Aonghus Heatley

Good verbal communication skills are widely regarded as integral to the practice of law.  Among the general public, this impression has likely been fostered as a result of films and other media portrayals of lawyers which tend to focus on advocacy and adversarial proceedings.

The general public’s view is one thing, but in my experience the link between verbal communication skills and effecting lawyering is shared by many people in senior positions within law firms.  On several occasions it has been made clear to me – a person who, from time to time, but less severely than many other people, stammers – that the way I sometimes speak could be inconsistent with how a law firm wants to be represented to its clients.

For example, I was once told by a partner at a firm I had applied to for a training contract, apparently in relation to how it was thought I would be perceived by its clients, that those clients needed to see “confident” lawyers. The implication was that I was not coming across as a confident lawyer due to my occasional disfluencies.

On another occasion, a partner interviewing me for a training contract at a well-regarded City firm blithely informed me that that they “could never put someone who spoke like me in front of their clients”.  Unsurprisingly I was not offered a training contract by that firm.  The fact that I now routinely interact with clients — including being sent on a long-term secondment to one — without any issue or concern highlights how mistaken that assertion was.

Of course, I have also had many colleagues over the years who, when the issue has been raised, have told me that my occasional dysfluencies were of no consequence. One memorable example of this was a partner telling me that if anyone ever made an issue of my speech, I should simply tell them to “f**k off,”! With some regret, I have not yet found myself in quite the right circumstances to put this advice into practice.  Needless to say, my experiences at my current firm Greenberg Traurig have only been positive.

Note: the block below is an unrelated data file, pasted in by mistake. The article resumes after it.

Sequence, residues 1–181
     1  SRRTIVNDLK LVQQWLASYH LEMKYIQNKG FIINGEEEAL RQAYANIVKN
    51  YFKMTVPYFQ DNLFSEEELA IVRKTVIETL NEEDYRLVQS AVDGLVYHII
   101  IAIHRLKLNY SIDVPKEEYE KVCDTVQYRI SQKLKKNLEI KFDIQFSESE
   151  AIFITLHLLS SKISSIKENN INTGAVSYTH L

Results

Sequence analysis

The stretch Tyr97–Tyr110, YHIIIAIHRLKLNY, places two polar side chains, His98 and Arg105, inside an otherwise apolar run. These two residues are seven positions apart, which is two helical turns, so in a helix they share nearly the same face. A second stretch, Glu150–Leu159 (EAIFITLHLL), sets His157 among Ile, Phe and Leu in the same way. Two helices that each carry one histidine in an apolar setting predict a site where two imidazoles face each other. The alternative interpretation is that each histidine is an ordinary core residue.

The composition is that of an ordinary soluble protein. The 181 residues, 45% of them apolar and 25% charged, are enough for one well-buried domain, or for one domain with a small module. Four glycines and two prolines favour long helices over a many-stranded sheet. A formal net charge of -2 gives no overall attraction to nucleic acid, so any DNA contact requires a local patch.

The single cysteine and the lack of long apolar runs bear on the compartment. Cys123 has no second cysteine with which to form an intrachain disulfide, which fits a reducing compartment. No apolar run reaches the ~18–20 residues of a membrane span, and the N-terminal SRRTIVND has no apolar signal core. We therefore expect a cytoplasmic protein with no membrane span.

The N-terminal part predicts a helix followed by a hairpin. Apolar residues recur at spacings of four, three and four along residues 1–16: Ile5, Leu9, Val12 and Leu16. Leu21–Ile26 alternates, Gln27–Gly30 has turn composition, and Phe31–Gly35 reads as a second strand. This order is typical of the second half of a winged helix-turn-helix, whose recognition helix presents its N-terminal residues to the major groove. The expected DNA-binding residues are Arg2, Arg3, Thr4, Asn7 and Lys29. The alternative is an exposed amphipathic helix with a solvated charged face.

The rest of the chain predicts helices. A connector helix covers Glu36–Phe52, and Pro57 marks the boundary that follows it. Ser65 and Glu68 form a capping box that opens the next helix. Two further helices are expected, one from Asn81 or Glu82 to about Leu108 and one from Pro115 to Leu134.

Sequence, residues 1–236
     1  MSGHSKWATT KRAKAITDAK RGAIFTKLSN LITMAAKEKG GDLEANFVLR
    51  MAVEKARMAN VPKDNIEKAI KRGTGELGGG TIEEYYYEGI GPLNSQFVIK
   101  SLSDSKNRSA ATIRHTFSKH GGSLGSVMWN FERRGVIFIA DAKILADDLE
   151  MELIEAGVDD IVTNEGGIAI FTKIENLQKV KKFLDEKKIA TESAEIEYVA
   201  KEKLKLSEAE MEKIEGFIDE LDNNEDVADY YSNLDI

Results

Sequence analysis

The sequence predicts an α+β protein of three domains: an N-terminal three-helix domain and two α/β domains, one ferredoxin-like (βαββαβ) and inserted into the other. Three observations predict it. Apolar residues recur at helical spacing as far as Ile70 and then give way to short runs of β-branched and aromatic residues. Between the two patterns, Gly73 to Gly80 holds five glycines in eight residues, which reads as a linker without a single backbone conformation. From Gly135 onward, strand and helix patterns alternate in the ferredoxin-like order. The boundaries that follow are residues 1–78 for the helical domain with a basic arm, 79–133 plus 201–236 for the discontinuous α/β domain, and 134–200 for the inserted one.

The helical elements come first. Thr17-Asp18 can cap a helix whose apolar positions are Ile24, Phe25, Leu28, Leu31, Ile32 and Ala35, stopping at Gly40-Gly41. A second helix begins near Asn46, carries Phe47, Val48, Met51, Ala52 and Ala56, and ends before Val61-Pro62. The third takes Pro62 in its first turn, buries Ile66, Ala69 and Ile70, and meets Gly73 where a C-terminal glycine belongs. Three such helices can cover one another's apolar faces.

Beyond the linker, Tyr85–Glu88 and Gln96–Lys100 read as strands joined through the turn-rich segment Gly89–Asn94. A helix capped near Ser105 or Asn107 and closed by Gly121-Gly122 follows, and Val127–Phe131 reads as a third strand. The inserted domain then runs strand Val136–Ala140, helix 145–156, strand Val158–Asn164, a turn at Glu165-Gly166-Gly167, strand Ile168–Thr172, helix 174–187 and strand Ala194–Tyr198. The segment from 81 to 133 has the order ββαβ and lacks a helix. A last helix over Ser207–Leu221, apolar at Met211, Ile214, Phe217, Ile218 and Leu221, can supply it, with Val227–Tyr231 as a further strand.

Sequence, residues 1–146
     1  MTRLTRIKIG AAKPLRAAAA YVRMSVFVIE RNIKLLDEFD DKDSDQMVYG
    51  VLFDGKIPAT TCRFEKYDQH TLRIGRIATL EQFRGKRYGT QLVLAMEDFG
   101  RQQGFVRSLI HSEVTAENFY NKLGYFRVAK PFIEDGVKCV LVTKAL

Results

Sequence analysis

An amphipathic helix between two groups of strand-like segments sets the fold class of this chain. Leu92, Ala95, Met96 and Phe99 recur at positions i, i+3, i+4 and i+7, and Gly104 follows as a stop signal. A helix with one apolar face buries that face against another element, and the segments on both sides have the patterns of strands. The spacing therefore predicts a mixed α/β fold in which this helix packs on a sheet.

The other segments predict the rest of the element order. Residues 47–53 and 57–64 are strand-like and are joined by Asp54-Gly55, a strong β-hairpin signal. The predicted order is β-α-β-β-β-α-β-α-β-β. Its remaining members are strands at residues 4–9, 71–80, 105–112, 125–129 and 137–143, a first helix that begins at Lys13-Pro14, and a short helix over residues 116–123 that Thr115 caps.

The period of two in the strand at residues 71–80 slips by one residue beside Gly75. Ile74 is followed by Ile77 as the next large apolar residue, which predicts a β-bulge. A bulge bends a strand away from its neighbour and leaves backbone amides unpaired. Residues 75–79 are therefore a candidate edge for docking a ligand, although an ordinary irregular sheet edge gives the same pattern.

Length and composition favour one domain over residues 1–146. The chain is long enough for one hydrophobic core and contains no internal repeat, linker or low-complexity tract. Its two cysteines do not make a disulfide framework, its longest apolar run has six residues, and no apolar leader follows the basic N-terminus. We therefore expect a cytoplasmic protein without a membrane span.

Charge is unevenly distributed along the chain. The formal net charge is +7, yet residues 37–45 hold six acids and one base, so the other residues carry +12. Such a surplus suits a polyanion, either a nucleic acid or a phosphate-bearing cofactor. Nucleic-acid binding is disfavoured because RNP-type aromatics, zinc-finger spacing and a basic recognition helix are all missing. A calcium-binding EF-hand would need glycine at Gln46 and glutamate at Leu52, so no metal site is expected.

We know how necessary it is to look professional when attending a job interview — wearing a well-pressed suit, having polished shoes, being well-groomed, adopting the right posture, maintaining eye contact and so on. However, much less attention is given to the importance of needing to sound professional. It is clear, however, that having the necessary polish or aesthetic that employers are looking for, not only visually, but also audibly, is an important part of getting ahead, particularly in the so-called elite, client-facing professions such as law. A recent BBC documentary highlighting this issue — How to Break into the Elite — is well worth watching.

Given that “sounding right” is a relevant factor in recruitment, what is the perception of people who stammer? We don’t need to rely on anecdotal evidence: it is well documented in academic literature that interactions with people who stammer result in negative perceptions and biases, even in people who are knowledgeable about stammering. People who stammer are judged to be more submissive, tense and insecure than their fluent peers. They are judged to be more guarded and nervous, to have less cognitive ability, to be less likeable, to have lower self-esteem and to be less socially adjusted. Crucially, they are also judged to be less employable and to be less competent.

In one study where nurses were asked to imagine two doctors, one fluent and one a person who stammers, the latter was rated as being “more afraid, tense, nervous, and aggravating in addition to being less mature, intelligent, secure, competent, confident, educated and reputable” than the former. In another study the authors concluded that the body of academic research then available showed that “individuals who [stammer] are subject to broad negative social and cognitive impressions”.